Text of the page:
Finally, with an increasing number of connected vehicles in operation, consumers also express fear that their vehicle could be compromised by a hacker with malicious intent. In a recent poll conducted by the American International Group, nearly 75 per cent of respondents listed vehicle hacking as an issue of concern.28 As a result, our survey shows that 54 per cent of US consumers would feel better about riding in self-driving cars if governments would implement standards and regulations to help ensure manufacturers are taking cybersecurity issues as seriously as possible.
Considering the headwinds of slowing demand and cooling global conditions that threaten to derail several key automotive markets around the world, it is unlikely that OEMs, suppliers, and technology companies will be able to sustain the frantic pace of capital allocations currently flowing into autonomous drive and electric powertrain development. Even companies that are actively looking for ways to maintain a level of focused investment through market rationalisation, brand divestitures, or operational cost cutting are likely to find it difficult. In fact, some companies may quickly find themselves struggling with more immediate operational issues that take precedence over long-term technology investment strategies.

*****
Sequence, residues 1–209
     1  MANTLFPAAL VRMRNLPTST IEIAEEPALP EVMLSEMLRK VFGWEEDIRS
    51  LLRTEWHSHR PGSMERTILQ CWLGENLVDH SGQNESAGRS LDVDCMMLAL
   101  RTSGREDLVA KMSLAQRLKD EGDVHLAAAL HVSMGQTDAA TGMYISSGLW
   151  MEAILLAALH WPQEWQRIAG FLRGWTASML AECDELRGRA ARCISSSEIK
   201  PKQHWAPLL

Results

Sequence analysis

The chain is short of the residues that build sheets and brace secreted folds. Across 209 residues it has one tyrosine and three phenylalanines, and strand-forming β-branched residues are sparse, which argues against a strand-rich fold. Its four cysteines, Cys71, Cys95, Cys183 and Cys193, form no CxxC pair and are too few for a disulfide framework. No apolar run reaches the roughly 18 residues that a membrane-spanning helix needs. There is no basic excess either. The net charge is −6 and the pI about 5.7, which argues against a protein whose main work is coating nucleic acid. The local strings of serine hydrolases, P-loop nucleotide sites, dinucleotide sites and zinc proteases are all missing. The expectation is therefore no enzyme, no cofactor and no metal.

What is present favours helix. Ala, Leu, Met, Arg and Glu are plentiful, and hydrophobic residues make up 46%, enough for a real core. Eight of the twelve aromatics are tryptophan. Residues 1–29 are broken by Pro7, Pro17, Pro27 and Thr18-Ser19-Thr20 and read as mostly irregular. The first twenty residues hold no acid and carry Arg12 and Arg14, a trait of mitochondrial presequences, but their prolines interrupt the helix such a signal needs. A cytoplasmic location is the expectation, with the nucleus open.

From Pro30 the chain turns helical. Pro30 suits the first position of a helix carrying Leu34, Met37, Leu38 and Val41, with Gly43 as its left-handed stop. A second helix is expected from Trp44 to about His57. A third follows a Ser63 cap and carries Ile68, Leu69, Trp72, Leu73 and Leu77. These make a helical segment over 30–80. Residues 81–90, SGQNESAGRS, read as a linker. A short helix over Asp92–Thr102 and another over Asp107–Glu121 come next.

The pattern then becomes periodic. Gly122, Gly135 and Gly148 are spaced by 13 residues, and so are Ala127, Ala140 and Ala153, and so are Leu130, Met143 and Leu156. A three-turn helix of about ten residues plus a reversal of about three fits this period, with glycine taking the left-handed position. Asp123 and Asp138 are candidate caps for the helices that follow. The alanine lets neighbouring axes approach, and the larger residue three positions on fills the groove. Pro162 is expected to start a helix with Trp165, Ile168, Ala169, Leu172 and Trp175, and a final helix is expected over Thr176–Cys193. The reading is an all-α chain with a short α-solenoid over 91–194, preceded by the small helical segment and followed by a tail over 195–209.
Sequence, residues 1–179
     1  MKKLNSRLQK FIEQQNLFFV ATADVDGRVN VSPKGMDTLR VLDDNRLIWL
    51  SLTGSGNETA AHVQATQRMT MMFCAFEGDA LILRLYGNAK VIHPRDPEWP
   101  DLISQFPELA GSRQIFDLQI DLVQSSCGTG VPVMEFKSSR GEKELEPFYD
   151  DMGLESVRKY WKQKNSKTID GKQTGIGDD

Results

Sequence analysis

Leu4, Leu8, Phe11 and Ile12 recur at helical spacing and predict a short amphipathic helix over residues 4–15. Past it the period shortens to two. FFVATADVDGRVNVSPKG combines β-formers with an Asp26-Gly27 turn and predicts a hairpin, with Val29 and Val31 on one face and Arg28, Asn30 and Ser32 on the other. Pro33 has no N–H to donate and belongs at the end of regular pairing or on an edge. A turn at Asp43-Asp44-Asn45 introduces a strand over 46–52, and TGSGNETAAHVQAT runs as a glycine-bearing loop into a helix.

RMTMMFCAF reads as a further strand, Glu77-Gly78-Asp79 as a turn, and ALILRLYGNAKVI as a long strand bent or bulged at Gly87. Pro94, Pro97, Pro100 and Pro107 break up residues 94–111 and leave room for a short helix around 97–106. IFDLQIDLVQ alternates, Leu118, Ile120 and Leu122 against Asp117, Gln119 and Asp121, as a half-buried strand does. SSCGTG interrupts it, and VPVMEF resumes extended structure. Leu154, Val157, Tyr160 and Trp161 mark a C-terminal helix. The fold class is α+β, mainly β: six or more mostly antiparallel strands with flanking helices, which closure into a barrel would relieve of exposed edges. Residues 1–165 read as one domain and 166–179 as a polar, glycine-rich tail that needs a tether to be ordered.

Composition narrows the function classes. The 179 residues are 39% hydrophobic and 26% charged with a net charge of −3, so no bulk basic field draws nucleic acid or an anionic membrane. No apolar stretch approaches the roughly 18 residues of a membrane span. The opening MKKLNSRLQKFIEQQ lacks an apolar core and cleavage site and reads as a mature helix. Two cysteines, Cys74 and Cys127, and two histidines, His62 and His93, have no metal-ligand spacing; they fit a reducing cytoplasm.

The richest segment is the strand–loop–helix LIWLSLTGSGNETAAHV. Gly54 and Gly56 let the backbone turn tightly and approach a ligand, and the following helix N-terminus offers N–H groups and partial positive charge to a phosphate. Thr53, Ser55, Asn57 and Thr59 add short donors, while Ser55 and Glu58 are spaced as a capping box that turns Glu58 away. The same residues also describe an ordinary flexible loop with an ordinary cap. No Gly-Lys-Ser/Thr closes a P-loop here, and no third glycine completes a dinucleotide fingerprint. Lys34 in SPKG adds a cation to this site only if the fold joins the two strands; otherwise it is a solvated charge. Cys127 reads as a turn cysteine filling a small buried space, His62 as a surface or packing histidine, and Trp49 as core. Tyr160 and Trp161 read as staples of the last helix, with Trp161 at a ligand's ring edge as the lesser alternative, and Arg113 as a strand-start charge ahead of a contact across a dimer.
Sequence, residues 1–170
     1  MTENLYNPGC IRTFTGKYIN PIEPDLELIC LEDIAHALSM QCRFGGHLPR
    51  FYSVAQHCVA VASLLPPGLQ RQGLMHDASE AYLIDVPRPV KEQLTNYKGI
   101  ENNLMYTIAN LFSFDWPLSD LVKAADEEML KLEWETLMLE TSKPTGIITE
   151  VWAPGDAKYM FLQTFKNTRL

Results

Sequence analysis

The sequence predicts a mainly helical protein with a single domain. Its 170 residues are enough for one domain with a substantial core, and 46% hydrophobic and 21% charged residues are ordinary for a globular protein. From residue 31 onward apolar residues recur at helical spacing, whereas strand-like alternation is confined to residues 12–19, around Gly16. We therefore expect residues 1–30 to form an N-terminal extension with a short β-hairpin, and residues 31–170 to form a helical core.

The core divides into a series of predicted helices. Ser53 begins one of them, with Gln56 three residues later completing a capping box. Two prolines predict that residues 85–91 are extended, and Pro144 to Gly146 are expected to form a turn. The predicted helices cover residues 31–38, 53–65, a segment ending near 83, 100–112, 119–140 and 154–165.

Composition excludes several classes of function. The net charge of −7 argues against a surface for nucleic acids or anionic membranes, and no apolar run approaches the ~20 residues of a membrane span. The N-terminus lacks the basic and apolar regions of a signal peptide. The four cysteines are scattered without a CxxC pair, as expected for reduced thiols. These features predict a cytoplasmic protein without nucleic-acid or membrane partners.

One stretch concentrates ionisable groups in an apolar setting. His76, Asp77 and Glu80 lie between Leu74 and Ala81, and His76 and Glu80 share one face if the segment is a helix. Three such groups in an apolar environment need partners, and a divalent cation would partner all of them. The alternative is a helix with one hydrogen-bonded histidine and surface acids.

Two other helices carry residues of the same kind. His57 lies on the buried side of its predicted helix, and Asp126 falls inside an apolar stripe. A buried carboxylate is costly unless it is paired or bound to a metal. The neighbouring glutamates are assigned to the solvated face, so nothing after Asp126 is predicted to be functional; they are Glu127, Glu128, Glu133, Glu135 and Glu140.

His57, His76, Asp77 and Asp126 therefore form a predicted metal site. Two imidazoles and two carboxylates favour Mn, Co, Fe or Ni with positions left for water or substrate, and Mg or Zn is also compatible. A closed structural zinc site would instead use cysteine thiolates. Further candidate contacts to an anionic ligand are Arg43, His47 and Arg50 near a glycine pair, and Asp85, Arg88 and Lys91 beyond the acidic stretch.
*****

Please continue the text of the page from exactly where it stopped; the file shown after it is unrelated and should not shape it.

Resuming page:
At the end of the day, it can be argued that the investment process required to bring fully autonomous and electrified vehicle technology into the mainstream is not yet mature enough. Driverless cars are still very much in an experimental stage, and new developments such as solid-state batteries designed to improve the performance and safety of BEVs remain just out of reach. The further out the investment window goes, the harder it will be for most players to justify and maintain their spending on development. For this reason alone, it is likely that companies will have to make some hard choices in terms of which technology investment bets they are able and willing to make.
The difficulty these companies face is compounded by their need to make significant investments in a host of other areas, including mobility services, advanced materials, connectivity, and the digital transformation of the customer experience. In short, the cumulative demand for capital investment in the automotive sector is nothing short of astonishing, and while global consumer interest in advanced technologies is somewhat encouraging, their appetite to pay for any of it is very limited.
Going forward, the following three takeaways should be top of mind for industry stakeholders: